Apple closes iPhone keysigning hole
Apple have released iOS 5.0.1 – an update to October's publication of iOS 5.0 for iPhones and iPads – which includes fixes for two major security holes which have been discovered since the release. Charlie Miller recently revealed that he was able to run unsigned code on Apple's devices by exploiting a flaw in versions of iOS 4.3 and later. That flaw, a logic error in the kernel's mmap system call and its checking of flags, has now been corrected. Exploitation of the flaw could have allowed an attacker to inject unsigned code into a maliciously crafted signed application, bypassing many of Apple's security restrictions.
The problem with the iPad 2's Smart Cover and iOS 5.0 which allowed the passcode lock to be bypassed has also been fixed. Among the other issues resolved in the update are two flaws which are said to "lead to the disclosure of sensitive information": one in CFNetwork's handling of URLs and the other in the handling of DNS lookups. Apple has also configured the default trust system for certificates to no longer trust DigiCert Malaysia's certificates after they were found to be weak and incorrectly formed.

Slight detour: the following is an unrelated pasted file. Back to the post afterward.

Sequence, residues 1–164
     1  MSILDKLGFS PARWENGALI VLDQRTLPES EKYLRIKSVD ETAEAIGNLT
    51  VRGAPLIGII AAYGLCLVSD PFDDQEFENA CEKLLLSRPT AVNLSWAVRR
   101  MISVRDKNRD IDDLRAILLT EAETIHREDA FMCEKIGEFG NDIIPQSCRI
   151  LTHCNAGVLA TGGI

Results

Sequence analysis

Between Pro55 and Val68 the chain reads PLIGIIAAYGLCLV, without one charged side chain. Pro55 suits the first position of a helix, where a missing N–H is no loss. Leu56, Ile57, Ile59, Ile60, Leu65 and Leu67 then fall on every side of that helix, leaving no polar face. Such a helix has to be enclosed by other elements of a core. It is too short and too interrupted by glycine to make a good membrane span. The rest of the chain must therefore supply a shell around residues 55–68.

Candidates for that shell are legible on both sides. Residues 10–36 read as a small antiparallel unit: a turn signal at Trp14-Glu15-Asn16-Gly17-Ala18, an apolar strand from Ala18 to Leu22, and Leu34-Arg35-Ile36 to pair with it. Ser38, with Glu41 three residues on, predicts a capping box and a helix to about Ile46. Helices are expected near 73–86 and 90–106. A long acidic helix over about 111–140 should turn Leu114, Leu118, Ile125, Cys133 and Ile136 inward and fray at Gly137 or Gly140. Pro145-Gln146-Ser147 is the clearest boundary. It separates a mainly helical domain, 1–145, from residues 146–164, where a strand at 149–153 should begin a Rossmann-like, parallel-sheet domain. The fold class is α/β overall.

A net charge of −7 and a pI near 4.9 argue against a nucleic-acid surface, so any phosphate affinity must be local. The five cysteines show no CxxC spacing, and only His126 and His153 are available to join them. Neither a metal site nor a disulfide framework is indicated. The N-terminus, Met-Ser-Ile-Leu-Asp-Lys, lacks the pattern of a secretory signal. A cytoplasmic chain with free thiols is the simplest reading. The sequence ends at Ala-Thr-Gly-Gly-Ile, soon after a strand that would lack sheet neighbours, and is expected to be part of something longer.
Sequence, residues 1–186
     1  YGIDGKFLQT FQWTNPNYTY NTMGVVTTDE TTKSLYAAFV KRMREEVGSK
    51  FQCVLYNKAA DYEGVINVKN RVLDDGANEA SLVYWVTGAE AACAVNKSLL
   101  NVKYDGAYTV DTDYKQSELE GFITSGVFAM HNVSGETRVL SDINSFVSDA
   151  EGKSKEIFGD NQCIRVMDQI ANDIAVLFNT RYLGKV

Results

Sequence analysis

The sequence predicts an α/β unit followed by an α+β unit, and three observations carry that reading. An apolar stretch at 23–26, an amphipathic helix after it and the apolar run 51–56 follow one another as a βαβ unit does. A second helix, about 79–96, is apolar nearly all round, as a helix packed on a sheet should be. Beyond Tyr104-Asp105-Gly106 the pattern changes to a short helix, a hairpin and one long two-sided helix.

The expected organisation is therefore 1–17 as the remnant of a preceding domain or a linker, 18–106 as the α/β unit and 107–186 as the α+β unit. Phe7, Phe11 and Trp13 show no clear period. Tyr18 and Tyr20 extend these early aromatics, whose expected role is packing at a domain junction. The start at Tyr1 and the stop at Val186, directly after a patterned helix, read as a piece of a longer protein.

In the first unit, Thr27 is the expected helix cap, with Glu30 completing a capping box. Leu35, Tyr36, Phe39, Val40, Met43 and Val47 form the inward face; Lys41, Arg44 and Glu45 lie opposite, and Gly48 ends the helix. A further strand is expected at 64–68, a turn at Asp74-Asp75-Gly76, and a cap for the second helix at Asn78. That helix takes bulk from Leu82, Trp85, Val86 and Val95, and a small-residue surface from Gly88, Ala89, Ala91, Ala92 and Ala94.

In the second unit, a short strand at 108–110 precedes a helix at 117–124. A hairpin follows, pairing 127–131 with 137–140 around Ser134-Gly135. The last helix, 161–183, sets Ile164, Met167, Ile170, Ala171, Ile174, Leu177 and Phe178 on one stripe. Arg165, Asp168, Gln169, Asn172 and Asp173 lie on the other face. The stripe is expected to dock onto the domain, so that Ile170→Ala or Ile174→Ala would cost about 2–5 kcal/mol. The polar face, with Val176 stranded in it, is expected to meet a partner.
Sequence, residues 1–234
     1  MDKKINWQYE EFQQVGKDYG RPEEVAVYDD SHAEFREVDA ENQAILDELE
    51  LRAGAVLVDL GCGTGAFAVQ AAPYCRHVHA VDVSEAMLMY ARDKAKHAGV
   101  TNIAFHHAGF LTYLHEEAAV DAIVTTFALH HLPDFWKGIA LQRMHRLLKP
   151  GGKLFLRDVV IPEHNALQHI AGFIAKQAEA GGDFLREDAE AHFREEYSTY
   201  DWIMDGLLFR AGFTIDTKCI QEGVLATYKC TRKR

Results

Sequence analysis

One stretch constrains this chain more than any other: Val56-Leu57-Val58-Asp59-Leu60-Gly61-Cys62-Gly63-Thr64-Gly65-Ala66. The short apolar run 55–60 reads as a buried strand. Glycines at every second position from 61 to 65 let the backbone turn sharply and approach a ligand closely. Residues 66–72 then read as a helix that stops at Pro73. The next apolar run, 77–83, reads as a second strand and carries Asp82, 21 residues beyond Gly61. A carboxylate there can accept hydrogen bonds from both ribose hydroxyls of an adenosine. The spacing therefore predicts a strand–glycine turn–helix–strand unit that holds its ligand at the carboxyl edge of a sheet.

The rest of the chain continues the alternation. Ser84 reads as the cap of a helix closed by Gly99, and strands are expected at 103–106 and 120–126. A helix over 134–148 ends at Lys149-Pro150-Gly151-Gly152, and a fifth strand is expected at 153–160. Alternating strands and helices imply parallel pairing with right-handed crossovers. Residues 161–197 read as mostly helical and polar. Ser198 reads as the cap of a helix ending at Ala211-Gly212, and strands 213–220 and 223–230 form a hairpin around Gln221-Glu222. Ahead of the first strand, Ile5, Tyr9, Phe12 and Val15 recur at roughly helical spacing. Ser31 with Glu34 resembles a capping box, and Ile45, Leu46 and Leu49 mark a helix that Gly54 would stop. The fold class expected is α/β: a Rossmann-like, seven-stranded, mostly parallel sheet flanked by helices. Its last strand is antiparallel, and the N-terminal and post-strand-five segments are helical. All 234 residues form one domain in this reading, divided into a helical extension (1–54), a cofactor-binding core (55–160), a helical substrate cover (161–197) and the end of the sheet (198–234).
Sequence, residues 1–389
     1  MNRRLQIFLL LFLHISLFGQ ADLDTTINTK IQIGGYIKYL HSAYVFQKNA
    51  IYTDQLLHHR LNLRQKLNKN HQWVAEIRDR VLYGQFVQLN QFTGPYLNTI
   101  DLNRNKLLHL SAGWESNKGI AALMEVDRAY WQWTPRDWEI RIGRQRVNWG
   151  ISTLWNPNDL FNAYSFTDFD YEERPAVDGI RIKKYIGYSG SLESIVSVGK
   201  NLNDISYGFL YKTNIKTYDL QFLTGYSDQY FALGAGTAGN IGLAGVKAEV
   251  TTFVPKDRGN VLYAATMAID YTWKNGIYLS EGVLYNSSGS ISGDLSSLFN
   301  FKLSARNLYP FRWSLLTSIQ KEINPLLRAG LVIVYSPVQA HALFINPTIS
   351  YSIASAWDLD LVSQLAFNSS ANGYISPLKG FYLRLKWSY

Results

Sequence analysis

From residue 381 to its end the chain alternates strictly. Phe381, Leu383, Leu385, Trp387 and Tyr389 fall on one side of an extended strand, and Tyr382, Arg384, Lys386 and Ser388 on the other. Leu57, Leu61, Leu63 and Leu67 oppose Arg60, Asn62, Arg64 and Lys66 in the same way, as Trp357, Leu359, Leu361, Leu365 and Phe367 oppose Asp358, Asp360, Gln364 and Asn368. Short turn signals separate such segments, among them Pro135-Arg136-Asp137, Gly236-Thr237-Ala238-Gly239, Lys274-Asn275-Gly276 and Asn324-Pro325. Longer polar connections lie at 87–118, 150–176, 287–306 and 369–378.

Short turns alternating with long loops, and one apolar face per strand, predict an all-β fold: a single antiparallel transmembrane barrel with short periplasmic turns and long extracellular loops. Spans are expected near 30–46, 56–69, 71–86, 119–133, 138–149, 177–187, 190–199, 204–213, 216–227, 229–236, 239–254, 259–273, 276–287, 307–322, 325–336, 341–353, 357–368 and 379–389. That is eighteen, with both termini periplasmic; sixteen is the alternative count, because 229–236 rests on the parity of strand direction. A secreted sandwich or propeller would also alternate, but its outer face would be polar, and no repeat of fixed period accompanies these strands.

The iOS update also addresses a number of non-security issues including fixing bugs which reduced battery life. The update is also the first iOS update to be available OTA (Over The Air). iPhone and iPad users with iOS 5.0 on their device can select Settings ➤ General ➤ Software Update and follow the instructions there. They can also use iTunes on their desktop computer to install the update when they synchronise the device, as can users who have not yet installed iOS 5.
- About the security content of iOS 5.0.1 Software Update, Apple security advisory.